and collaborators and that requires that many of us become more
emotionally and socially intelligent. Our challenge is to become
expert learners. The next business revolution will be a learning
revolution. Learn or Die brings the science of learning
into the business world in an applied manner.
1. What is the purpose
of Learn or Die?
The book uses the science
of learning to answer two important questions:
First, how can we
individually become a better and faster learner?
Second, how can we
as a manager/leader build a team or an organization that continuously
learns better and faster than the competition?
Another purpose of
the book was to review and synthesize across academic disciplines
the developments in the science of learning that have occurred
since Peter Senges 1990 landmark book on learning organizations
and put forth a new blueprint of how to build a learning organization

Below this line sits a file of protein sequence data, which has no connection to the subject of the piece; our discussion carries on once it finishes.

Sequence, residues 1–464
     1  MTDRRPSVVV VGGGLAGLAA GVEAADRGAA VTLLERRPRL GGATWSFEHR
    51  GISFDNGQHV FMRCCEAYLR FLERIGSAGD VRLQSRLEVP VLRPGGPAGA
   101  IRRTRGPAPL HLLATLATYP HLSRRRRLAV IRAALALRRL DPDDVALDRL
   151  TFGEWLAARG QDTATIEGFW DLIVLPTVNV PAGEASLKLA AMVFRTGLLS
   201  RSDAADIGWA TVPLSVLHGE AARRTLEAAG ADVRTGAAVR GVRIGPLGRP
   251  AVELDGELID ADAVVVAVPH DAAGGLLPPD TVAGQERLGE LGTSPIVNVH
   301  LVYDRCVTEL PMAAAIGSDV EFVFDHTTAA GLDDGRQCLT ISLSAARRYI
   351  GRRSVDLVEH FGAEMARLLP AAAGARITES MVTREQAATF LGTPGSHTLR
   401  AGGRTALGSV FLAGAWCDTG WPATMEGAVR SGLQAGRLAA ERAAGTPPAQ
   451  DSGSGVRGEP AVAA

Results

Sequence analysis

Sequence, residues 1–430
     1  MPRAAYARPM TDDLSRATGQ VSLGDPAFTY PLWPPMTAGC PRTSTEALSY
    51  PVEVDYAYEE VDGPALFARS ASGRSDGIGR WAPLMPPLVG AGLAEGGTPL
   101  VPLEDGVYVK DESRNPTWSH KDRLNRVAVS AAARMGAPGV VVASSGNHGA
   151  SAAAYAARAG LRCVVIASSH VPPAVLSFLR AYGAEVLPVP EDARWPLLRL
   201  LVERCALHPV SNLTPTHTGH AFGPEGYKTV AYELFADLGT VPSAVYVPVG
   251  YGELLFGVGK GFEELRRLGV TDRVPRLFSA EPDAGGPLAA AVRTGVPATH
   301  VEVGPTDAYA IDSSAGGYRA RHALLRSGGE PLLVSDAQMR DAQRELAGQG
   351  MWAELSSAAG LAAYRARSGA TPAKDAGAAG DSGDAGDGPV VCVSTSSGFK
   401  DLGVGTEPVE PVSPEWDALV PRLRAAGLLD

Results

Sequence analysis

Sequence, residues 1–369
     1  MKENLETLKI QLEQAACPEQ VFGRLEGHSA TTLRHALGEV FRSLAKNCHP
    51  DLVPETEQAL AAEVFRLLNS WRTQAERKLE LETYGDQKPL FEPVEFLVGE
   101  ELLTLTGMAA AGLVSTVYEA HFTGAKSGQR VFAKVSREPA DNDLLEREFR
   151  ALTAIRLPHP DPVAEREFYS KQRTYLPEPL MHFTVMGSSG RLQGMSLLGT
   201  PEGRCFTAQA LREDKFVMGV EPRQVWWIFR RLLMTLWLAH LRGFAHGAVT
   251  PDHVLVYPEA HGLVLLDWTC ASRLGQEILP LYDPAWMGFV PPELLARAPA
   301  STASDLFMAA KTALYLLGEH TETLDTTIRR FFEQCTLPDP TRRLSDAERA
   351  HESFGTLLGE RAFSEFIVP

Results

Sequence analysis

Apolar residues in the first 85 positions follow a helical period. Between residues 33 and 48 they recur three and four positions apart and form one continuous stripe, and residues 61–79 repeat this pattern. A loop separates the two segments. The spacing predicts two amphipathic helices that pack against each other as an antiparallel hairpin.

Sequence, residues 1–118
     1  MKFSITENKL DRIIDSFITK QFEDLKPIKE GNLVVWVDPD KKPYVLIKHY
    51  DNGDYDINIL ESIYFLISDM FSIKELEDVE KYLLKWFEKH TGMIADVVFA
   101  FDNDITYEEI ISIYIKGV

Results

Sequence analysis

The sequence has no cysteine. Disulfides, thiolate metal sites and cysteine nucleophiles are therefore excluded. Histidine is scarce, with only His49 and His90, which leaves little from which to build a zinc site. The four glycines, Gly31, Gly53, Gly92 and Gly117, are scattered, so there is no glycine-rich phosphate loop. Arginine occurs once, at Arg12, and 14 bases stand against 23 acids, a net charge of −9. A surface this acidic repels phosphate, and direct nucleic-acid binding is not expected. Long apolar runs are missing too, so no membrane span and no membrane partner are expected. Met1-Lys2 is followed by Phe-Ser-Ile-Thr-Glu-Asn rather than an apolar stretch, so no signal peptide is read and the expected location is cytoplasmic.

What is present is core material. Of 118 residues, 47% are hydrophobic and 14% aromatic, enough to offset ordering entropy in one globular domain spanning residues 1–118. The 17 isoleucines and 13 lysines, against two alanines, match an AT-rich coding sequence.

based on the current science of learning.
2. How should readers
approach this book?
Readers should read
this book with an open mind. A natural reaction will be that
is not me I dont think that way.
Well, the science says it is highly likely that you do. To get
the most from the book, one has to accept the science of learning
and that paints an unflattering picture of how most of us think.
Many people who have read the book and have communicated with
me found it personally a wake up call.
3. Arent most
of us good learners?
Yes, many of us are
good learners but it is highly probable that we are suboptimal
learners. We know from research that cognitively we are fast reflexive
thinkers who seek to confirm what we already know. We are confirmation
machines. Emotionally, we tend to be defensive thinkers protecting
our views and ego. Emotionally, we defend, deny and deflect. The
saboteurs of learning are ego and fear. That is our humanness.
To be a great learner requires one to overcome those natural proclivities.
Learn or Die puts forth a blueprint of how to do that.